Sunday, June 19, 2016
I looked through Hope's camera and found pictures from their weekend with Grandma and Grandpa.
...of the school carnival in Bradford
Grandma suddenly had more heads to comb than she ever did.
Shekinah turned 6 last week, it was a busy Saturday, so she got her gifts first thing.
Then Ben and Jana took them on a picnic and fishing.
I don't think she likes holding fish.
The kid that didn't think he was going to go, caught the most fish.
New experience for her, I think.
The birthday "cake" waited until Monday night.
Of course the cheesy smile.
Monday we picked rows of peas.
Then VBS in the evening
Tues we went along for Joe's driving evaluation, it took all morning and they decided...
he doesn't need much adaptive equipment, just a spinner knob on the steering wheel.
I am a little surprised and am not sure how I feel about the news.
It means we have more freedom on the car we will get for him to use, but
it also means that we get to do his driver training.
The evaluator said he would benefit from some additional training with him
hopefully that eases my mind a bit.
The evaluator also noted that DOT issued the wrong driver's permit- it was issued for dual controls which meant that during driver training the trainer would have had braking controls on their
side of the car too.
I didn't know that was available! How many times would that come in handy?
After we came home from that appointment, I took the girls to Oregon Dairy Farm Days.
Free ice cream and chocolate milk samples.
Bunnies to pet and sunflowers to plant.
The weather was perfect.
CPR class to teach for me and VBS for the rest of the family.
Wednesday was a work day for both Joe and Hope.
I used that day for a trip to the post office, bank and a few groceries.
Somehow all that driving around took all morning.
VBS in the evening.
Thursday morning found us on the road headed for Shriner's for the yearly
"limb difference" visit. They decided that Joe needs new sockets (legs) and will get him new
feet too while they are at it. These Rush feet thankfully lasted for two years this time. A few years
ago we were breaking feet every spring.
That involved casting and measuring, I was glad that I took the 8:30 appointment even though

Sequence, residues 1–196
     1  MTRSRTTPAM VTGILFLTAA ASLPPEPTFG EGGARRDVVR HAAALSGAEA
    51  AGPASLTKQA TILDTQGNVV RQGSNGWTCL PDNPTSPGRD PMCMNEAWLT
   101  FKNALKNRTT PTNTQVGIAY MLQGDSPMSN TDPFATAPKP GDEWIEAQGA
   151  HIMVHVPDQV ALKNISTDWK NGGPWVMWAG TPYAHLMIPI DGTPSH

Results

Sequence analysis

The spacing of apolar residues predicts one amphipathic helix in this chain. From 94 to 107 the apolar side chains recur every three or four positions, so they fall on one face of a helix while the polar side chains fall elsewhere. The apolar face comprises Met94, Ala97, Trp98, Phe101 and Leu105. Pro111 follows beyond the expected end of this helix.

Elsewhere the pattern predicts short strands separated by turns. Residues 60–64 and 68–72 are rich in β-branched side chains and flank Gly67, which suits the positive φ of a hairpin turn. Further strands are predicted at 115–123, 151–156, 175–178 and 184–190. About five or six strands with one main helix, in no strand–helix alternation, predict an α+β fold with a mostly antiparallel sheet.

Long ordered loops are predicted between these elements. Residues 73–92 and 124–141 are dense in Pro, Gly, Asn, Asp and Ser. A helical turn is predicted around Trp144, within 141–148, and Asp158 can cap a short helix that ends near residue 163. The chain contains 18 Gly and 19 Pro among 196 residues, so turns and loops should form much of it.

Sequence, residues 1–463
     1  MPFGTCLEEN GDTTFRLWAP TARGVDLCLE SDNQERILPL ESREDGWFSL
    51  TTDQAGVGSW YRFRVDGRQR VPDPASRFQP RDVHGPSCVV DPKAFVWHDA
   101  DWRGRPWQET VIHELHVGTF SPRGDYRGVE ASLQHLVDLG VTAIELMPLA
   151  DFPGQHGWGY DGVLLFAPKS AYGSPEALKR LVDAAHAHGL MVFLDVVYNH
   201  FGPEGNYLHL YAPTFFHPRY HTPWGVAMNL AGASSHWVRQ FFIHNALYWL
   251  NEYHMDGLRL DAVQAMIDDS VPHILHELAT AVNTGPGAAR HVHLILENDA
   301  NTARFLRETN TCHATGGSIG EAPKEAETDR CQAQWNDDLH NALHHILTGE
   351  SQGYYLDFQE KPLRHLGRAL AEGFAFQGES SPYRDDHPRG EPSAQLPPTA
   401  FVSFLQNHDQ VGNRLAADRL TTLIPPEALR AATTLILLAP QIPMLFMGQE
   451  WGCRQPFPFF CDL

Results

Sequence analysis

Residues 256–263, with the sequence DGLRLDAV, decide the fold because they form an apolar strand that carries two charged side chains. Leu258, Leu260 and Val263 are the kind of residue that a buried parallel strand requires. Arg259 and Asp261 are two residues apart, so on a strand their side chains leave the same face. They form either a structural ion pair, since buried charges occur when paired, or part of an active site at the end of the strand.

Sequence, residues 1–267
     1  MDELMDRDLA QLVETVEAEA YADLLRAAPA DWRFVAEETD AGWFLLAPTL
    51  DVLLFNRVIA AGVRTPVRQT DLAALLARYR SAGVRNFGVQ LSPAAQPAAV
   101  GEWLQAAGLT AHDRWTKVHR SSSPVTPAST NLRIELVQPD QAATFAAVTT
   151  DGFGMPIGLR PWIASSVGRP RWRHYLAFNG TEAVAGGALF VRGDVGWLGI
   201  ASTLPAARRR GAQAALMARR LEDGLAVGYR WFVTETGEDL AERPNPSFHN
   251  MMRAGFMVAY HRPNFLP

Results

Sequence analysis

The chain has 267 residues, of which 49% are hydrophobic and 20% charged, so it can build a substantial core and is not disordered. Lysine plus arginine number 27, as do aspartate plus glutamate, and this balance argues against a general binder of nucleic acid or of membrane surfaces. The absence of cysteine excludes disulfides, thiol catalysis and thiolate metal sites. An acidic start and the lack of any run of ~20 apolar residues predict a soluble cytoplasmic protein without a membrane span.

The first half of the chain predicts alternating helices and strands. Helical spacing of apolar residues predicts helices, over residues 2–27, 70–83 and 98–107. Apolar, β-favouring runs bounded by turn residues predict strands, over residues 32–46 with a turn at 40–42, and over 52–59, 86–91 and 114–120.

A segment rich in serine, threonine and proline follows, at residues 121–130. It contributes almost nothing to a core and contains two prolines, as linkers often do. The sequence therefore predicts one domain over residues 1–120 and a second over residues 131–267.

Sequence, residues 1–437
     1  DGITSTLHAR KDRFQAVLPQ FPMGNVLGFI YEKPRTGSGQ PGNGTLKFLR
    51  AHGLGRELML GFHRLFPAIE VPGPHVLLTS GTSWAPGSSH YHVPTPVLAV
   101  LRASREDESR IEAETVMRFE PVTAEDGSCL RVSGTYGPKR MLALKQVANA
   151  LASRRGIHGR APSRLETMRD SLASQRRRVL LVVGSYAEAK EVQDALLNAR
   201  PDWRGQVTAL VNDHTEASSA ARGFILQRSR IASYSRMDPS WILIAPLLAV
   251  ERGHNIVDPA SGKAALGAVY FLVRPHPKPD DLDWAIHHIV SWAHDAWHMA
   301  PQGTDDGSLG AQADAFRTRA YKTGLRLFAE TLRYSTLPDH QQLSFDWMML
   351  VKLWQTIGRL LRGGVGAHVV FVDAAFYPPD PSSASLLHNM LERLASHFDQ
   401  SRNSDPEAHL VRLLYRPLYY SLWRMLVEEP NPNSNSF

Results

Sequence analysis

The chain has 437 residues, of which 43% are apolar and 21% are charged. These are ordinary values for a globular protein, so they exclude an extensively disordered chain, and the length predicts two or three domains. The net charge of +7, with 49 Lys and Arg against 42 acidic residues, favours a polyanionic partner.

it meant hauling everyone out of bed at 6AM.
We got home just before lunch.
The youngest two were in a rank mood and I told them either I take a nap or they do.
They took the naps, I needed to work on "the quilt".
"The quilt" is a theme that will run 'in the background' all summer. Hannah got a
special order from a man that wants like six quilts for Christmas and I need to make three of
them. Then there is the annual Christmas Quilt that we try to put on the market, that has to be
completed by October so that people have time to buy it!
Friday morning found us back in the pea patch...this picture makes the patch look
extra long, but that's how it feels when you are at the other end.
I found out that peas were selling for $50 a bushel at the produce auction last week
so we looked on them as 'green gold' and I tried to make it sound fun.
We took them to the "pea huller" and as always were amazed at the small amount of peas
you get from ALL those peas you picked!
I wish I would have felt comfortable taking a picture at the pea huller. It was a microcosm
of small town Mennonite life. When we were there on Monday, there were two Amish buggies with
a Wenger Mennonite lady standing at the one horse's head. My children
probably didn't notice that she didn't belong to that buggy. It was that lady's
kindness that allowed the Amish lady to take care of her produce and
be sure that her horse didn't decide to take off down the road with her children
bouncing around inside.
Looked closer at the one lady and realized that I knew her. She really hadn't changed much from when I was a young girl and saw her biking along the road.
Friday when we were there, two little Stauffer Mennonite boys biked in with their peas and